This is hardly an isolated position. Labour in Scotland has failed to recover from the 2015 surge of the SNP, regaining few of the seats they have lost to them either in Westminster or the Scottish Parliament. Older Tories will remember the failure to recover from the 1997 defeat, where two subsequent elections saw the party struggle to find new ideas or connect with the electorate. There is every chance defeat begets more defeat.
When political parties crash out of power, their recovery depends on a clear-sighted understanding of why they have failed and a determination to correct it. Neither is guaranteed. If taking place in opposition, the next leadership election will be among the ruins of Tory success. Those left to endorse and shortlist candidates will be from the very safest seats, the low watermarks of Tory success. There is just as much chance of them myopically ignoring the median voter as there is of intensive renewal.
Equally, being frozen out of power alienates you from many of the sources of reinvigoration. The young and ambitious will avoid you, whether they be prospective candidates or advisors. Think tanks will have little interest in feeding you ideas unless they are already so aligned with you that they have no interest in influencing your opponents. Donors will also dry up, as paying millions to losers neither appeals to ego nor self-interest. Electoral failure is easily something that compounds.
There’s every chance that the Tory Party goes towards the next election with an attitude of “what we did before but harder and louder”. Dogmatism instead of new thinking, with the same dreary parade of scandals and offhand, off-colour comments. One of the reasons for the party’s decline is that they are increasing its appeal to a diminishing world, focusing on the older before all else. Without the right leadership, this could well continue.
This leads to the other problem of being out of power – your opponent's plans might work. Though eventually, every government meets with some disaster it can’t contain, in the short term they can enjoy success. This delivers electoral benefits. The Labour Party is flourishing among the young because the Tories seem to have abandoned those under 45. Even the Prime Minister can’t voice an adequate answer to why the youngish should back him. If Labour makes progress on childcare and housing, it will only entrench its lead. The Tories can only fix this in Downing Street.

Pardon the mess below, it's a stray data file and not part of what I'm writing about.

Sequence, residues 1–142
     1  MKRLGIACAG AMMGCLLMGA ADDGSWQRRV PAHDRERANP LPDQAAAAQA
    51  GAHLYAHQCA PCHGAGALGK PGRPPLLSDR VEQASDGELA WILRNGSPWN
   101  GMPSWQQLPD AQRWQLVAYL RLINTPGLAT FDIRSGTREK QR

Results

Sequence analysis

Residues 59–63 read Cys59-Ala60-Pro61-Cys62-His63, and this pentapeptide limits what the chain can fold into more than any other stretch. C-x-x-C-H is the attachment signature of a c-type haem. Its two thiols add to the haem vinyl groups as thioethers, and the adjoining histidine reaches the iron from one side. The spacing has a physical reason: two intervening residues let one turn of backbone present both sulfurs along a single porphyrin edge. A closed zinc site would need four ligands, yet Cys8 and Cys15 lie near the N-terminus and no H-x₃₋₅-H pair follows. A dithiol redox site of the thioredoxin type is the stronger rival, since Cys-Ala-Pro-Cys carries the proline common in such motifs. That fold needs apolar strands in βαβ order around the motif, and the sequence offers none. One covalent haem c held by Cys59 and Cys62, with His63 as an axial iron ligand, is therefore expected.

Indeed, being out of power could be more damaging to the Tory Party than ever before. At present, its continued survival is hugely boosted by the power of sheer incumbency. Any successor party or rival on the right would have to go toe-to-toe with it. When it’s already been beaten back in big chunks of the country, it becomes easier to have a straight fight with the opposition. If the Conservative Party slips into collapse, it will be from being beaten by the left first, then cannibalised from the right later.
There’s an obvious temptation in the time out. It’s easy to see the Tories’ problems stemming from the exhaustion of governing the country for more than a decade, and that some time in the cold could restore the party’s senses. But that is far from guaranteed. A stinging defeat could spin them out of control, looking for easy fixes and haemorrhaging talent and connections beyond their own echo chamber.
At the same time, if you believe in the party, you should also believe that its government is always better than the alternative. With Labour in power, they will make changes and they will entrench them. No Conservative should think that is worth the price of having some space to think. By the time the party bounces back, many of these changes will be irreversible, and time spent in opposition achieves nothing.
Most of all, however, there is no reason the Tories need to be out of power to reinvigorate. If the ideas are there, if the talent is there, it should be able to flow through. The party has managed to pivot and change many times in the last decade in power – it clearly can be done. The question is not whether it’s being in government which is the bar to fixing things, but whether the party is ready to embrace why it is failing and find the fixes.
If you don’t believe that the Tory party can improve itself whilst delivering for Britain, you should be questioning why you are supporting it at all. There is only one reason the party ought to go into opposition, and that’s if it is no longer fit to govern.